Many people will remember the Central Park jogger case in the 1980’s, in which gangs of teenagers went on a rampage during which a white female jogger was beaten, raped and basically left for dead in the park. Five young black kids confessed to beating the woman, though only one admitted raping her. Based on these confessions (the woman had no recollection of the attack when she awoke from the coma), the kids were prosecuted and convicted.

Now, about 13 years later, a convicted rapist and murderer serving a life sentence told authorities that he alone attacked and raped the woman. DNA evidence proves him right.

Even with due process of law, videotaped confessions, and trials, the judicial system fails to ascertain the truth in a remarkable number of cases. Citizens should remember this fact when the government asks us to give them to power to adjudicate the fate of individuals without these safeguards. For if we make mistakes under the best of circumstances, and I do believe the American judicial system to be one of the best of circumstances, imagine the horrific mistakes we’d make if one man decides whether someone will be detained for the rest of his life without attorneys or trials.
Yet another in a long line (111) of people convicted, but later freed by DNA evidence.
I was dismayed listening to Professor Douglas Kmiec on Fresh Air with Terry Gross yesterday. Professor Kmiec supports the Bush Aministration�s new security measures, including the USA PATRIOT ACT (USAPA) and the proposed Total Information Awareness program. Professor Kmiec made at least two erroneous assertions about the new security measures and the privacy safeguards (or lack thereof) in place.

In response to a question about defining the limits of privacy, Kmiec said that investigators must show probable cause to obtain both criminal search warrants and national security warrants under the FISA (Foreign Intelligence Surveillance Act) before reviewing bank, telephone and other records. This is true, but only in the most misleading way. While a criminal investigator must show probable cause to believe that the suspect is involved in wrongdoing, the FISA investigator need only show probable cause that the person is an agent of a foreign government. See 50 U.S.C. 1805 and 1823. An alleged agent of a foreign government who has done nothing wrong is still subject to surveillance. This is why some civil libertarians believe there should be a wall between criminal investigations and foreign intelligence investigations, so that investigators don�t do an end run around the more rigorous criminal warrant requirement by seeking the easier-to-obtain FISA warrant.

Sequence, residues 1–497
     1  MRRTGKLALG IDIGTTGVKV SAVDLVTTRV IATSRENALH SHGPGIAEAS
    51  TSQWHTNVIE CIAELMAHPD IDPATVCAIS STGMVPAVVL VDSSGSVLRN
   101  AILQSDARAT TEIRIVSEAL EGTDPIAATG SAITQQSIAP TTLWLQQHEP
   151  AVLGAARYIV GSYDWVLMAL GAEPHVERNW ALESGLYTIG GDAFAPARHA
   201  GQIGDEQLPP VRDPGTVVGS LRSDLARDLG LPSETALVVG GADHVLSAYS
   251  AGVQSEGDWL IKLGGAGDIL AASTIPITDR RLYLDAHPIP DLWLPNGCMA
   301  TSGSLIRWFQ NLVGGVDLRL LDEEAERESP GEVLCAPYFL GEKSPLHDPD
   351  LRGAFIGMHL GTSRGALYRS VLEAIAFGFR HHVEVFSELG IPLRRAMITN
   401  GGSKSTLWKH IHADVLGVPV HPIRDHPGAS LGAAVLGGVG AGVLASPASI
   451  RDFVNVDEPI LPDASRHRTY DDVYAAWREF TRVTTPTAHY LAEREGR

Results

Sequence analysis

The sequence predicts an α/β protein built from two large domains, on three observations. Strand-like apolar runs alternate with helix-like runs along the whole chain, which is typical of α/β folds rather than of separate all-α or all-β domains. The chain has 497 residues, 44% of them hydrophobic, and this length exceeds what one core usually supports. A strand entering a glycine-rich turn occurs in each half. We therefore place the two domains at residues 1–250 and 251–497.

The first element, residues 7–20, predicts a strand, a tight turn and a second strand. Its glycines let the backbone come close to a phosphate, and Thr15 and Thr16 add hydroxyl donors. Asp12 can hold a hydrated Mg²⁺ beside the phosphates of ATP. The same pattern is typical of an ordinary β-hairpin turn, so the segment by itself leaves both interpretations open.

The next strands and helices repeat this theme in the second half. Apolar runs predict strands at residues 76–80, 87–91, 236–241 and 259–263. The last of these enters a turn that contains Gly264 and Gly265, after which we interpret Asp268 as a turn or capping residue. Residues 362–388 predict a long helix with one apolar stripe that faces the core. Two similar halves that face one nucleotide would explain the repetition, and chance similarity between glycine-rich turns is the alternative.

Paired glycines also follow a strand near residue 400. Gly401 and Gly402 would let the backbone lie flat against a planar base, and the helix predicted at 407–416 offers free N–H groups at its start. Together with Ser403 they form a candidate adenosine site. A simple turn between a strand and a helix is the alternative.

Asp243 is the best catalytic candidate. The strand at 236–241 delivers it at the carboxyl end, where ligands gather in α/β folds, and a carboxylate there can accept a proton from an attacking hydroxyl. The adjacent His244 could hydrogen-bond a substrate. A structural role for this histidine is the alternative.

While defending Total Information Awareness � the Bush plan to collect and store data from multiple sources, including credit card transactions, employment records, medical records, ISP records, etc. in a single searchable database � Professor Kmiec said that access to private information even under TIA would be governed by probable cause because its written into the Constitution and can�t be legislated away. Again, this partially true yet grossly false. Govenrment access to the information is governed by the Fourth Amendment, but that doesn�t mean investigators would need probable cause before searching the database for your grocery shopping habits or prescription medications. If the citizen doesn�t have a reasonable expectation of privacy in the information, then the government doesn�t need a warrant to get it. And people don�t have a REOP in information they�ve given to a third party, even if it was given with the understanding that the communication is confidential. See, e.g. SEC v. O�Brien, 467 U.S. 735 (1984). The government could legally search that database for your most private information without any checks and balances whatsoever.

I also grossly disagree with his assertion that everyone detained post-September 11th has had access to counsel. Neither Jose Padilla nor Yaser Esam Hamdi, both American citizens, have been allowed access to counsel, though both are detained without criminal charges.

I am sending this letter to Fresh Air and to Professor Kmiec. I challenge the proponents of the USAPA and Total Information Awareness to come clean about these proposals and their true meaning for the privacy, safety and security of the American people.

Congratulations to defense attorneys in the ElcomSoft case, the first trial for a criminal violation of the anti-circumvention provisions of the Digital Millenium Copyright Act (DMCA, 17 U.S.C. 1201 et. seq.)! The San Jose jury came back with a verdict of not guilty, essentially finding that the Russian company that sold software that defeated Adobe eBook encryption � and allowing copying, read aloud and other functions disabled by Adobe � did not wilfully break the law. For more about the case, including my comments in the New York Times, see this story by reporter Matt Richtel.